Paulo Fonseca on Ligue 1: “It could easily compete with those considered to be the best leagues in Europe.”

Lille has had many exceptional coaches walk through the doors of the Domaine de Luchin, but Paulo Fonseca is undoubtedly as talented as any coach you could name. The Portuguese manager who currently has his team sitting in fifth place on the Ligue 1 table spoke with RMC about his experiences living in France and his thoughts on the league.

Adapting to life in a new country and a new league can be difficult even for a veteran coach. He spoke about the transition explaining, “It is a very quiet, very warm city. People are very friendly. Even if I have little time to enjoy it. I spend most of my time at Luchin, at the training center. When I can, I like to go for a walk downtown, to go to the park with my little one. The city is very pleasant.”

LOSC almost missed out on the former Shakhtar Donetsk coach to Tottenham if it had not been for reported financial setbacks. He spoke about the close move stating, “After my departure from Roma, everything was closed, everything was almost finalized but there was the arrival of a new general manager who opted for another coach. It was done at the last moment but that’s football. It is a matter of choice.”

While the 49-year-old manager has spent time in many other countries and leagues, he has never coached in Ligue 1. Fonseca spoke about his first impression of the French league, “Many things. Many things… First, I must say that I am very pleasantly surprised. By the quality of the game, and its openness, the game is open tactically. Second, there is great uncertainty in the results; there are many, many good players in this championship, with the emergence of many young people. And I really like the stadiums, the atmosphere in the stadiums, the way people experience the matches. And then there’s one thing we never talked about and which I liked, it’s refereeing. The quality and level of referees in France was a very pleasant surprise.”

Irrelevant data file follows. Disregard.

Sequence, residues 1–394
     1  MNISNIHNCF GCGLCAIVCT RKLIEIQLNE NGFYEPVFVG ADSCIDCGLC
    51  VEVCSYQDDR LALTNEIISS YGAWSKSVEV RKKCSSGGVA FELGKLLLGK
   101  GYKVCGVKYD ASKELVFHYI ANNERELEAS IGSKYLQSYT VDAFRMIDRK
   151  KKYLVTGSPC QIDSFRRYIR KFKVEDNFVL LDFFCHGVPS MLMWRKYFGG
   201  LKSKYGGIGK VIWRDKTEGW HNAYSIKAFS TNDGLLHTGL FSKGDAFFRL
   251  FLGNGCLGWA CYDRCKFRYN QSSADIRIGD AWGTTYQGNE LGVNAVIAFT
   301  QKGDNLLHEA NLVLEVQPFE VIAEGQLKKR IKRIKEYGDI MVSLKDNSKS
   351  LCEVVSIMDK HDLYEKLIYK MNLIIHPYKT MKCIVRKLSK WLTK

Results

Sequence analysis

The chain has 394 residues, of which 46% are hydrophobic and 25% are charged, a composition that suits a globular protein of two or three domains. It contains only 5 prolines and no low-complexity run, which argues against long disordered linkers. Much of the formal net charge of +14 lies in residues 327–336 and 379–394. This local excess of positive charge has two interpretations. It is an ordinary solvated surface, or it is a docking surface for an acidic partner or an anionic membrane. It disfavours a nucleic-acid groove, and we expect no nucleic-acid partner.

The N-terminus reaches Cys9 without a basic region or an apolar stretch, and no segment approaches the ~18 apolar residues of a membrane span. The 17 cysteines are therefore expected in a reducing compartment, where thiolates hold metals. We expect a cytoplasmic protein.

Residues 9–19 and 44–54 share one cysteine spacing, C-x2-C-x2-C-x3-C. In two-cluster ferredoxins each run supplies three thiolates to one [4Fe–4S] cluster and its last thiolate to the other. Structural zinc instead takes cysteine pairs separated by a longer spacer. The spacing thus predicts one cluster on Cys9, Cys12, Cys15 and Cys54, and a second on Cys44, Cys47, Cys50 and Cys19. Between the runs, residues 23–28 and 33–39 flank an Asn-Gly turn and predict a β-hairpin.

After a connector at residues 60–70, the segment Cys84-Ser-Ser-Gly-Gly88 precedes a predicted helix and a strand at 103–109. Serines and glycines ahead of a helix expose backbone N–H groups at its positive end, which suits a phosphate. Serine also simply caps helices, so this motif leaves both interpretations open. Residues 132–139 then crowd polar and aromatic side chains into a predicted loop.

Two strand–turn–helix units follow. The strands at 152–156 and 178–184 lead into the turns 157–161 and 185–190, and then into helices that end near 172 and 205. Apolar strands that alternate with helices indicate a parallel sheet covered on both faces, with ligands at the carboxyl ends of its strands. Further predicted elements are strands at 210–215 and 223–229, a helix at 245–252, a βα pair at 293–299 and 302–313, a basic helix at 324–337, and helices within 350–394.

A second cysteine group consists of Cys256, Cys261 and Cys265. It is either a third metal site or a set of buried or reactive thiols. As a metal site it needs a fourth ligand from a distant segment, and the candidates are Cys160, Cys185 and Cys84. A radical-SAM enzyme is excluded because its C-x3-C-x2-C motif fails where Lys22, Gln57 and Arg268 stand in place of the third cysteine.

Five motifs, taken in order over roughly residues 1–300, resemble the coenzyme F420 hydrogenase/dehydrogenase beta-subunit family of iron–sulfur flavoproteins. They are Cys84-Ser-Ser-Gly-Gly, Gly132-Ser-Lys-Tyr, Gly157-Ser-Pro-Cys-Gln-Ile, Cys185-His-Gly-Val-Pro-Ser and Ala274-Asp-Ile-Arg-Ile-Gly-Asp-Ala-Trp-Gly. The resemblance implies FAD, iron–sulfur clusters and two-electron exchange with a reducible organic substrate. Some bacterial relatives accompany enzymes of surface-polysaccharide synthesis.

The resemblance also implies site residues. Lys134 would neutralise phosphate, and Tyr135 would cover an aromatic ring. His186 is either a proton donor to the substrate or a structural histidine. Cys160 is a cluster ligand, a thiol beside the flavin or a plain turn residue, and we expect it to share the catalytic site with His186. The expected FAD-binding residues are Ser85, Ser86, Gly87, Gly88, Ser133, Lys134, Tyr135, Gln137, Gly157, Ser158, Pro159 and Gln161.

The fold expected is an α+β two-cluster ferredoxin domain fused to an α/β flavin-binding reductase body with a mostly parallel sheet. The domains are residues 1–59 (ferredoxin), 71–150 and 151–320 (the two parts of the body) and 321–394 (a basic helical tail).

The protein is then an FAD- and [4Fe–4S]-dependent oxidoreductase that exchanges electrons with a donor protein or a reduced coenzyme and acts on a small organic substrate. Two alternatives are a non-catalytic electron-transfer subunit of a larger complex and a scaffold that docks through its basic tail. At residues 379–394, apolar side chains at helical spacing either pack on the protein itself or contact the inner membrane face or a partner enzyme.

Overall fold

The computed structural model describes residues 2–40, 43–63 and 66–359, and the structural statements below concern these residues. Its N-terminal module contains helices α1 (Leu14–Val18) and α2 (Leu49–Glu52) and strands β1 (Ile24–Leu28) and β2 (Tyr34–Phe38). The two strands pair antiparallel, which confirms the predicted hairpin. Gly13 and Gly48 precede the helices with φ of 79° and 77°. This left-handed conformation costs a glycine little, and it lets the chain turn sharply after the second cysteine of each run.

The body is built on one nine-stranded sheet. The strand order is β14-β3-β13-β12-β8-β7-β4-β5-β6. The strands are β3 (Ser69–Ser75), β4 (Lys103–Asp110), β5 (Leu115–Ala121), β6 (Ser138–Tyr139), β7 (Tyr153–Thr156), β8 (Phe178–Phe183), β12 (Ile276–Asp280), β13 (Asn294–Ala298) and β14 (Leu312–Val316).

The coach spoke about what he also saw as the negative of France’s top division, “The only thing I think is that people here have no concept of the real value of this championship and what it could be. We should perhaps value the French league more which, in my opinion, has the quality and the conditions to be one of the best leagues in Europe. It already is but if it were valued in the best way it could easily compete with those considered to be the best leagues in Europe. I have no doubt about that.”

The coach’s observation is an interesting point. While high taxes and television deals are a setback Ligue 1 supporters and players undervaluing the league may create a subconscious inferiority complex. With foreign coaches like Paulo Fonseca shooting for European success, that undervaluing may be a thing of the past.  


GFFN | Tony DesRois 

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